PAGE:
Learning Nutrition

Yesterday morning I had the good fortune to catch a little bit of Chris Hayes’ excellent MSNBC show, Up With Chris.  During the segment I saw Tom Colicchio (of Top Chef fame), was on to promote his new film that advocates healthier food choices in schools as a public health initiative.  Their exchange focused on issues such as the financial economics of being a foodie, the infrastructure, staffing, and budgetary constraints that push schools to offer less healthy convenience options, and the prevailing sense that people don’t really know what they should be eating anymore.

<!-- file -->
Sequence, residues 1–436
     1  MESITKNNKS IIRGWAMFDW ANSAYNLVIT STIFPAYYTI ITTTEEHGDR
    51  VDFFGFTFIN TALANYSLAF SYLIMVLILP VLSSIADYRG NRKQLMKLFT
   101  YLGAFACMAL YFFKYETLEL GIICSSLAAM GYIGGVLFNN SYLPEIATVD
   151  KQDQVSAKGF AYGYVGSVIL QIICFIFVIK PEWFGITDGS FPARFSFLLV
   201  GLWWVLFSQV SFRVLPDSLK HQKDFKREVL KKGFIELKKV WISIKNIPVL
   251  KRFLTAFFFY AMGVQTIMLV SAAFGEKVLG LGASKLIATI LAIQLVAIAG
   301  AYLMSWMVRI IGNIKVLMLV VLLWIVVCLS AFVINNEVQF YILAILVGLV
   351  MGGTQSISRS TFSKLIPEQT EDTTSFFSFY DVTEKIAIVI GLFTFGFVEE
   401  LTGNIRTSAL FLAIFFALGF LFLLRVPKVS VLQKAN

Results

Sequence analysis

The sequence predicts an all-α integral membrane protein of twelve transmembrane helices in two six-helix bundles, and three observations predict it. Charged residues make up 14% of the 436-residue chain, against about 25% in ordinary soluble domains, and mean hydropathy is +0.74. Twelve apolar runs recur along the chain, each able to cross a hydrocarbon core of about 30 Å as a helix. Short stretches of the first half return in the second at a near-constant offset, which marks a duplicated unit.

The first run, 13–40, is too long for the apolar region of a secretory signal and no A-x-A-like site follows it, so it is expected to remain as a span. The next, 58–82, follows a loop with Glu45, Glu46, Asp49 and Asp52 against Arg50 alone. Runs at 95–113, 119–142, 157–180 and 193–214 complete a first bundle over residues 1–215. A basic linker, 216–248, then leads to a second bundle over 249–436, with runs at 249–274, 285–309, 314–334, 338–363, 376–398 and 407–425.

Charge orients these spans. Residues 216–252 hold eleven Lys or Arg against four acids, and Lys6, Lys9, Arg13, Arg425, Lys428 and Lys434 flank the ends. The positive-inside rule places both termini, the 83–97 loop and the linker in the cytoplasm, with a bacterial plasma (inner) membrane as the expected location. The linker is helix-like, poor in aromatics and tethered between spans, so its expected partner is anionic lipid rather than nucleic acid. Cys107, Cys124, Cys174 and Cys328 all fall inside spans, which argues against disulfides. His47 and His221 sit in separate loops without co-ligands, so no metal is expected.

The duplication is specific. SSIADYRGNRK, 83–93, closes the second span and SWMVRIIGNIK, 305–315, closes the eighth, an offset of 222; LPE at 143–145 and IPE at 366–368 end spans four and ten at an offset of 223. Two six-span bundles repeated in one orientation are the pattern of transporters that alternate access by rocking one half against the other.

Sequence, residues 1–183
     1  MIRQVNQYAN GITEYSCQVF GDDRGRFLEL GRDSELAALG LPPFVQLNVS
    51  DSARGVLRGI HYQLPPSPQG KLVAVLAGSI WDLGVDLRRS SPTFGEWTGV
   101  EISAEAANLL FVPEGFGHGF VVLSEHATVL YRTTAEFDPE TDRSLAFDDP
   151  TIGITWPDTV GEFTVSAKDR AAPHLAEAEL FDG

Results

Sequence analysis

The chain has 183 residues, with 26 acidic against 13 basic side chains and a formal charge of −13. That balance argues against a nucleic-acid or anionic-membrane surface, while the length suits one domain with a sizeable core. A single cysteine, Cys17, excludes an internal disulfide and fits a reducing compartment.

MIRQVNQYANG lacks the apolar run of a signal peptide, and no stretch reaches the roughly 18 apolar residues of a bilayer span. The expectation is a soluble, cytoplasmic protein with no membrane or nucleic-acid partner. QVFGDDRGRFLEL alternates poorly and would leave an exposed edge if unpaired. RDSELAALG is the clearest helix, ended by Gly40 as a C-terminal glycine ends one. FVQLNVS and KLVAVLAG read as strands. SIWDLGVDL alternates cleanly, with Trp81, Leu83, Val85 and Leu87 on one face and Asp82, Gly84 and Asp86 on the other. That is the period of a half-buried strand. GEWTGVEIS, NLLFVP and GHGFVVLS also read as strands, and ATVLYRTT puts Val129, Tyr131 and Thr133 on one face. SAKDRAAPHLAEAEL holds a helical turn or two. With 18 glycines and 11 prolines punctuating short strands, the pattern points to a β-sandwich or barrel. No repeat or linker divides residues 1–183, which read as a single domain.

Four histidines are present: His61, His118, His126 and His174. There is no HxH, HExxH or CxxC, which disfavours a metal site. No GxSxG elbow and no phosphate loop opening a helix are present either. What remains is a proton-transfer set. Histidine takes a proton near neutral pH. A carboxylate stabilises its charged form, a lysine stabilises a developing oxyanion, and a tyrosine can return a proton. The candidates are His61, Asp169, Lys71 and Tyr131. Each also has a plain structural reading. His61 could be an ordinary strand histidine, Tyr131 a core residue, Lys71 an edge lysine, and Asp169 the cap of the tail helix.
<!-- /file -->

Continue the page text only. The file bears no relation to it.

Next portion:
This last point resonated with me, since I too have recently awoken to the facts and realities of healthy eating.  As a long-time high school and college athlete, I grew accustomed to carbo-loading and essentially eating whatever I wanted.  Bulk was an asset, and food was viewed by coaches and players as a necessary fuel for weight lifting sessions and two-a-day practices.  After the end of my collegiate career, however, my eating habits stayed largely the same.  I knew intuitively that this was probably a bad idea, but after five years of eating omelettes or muffins for breakfast, pizza for lunch, and burgers for dinner, it was time to come to terms with the result of these continued eating habits and lower rates (and intensity) of workouts: elevated blood pressure and sitting at the same weight as in college but with drastically different muscle composition. That’s not good. So I added a doctor-mandated nutrition app to my smartphone and my world has been shattered.

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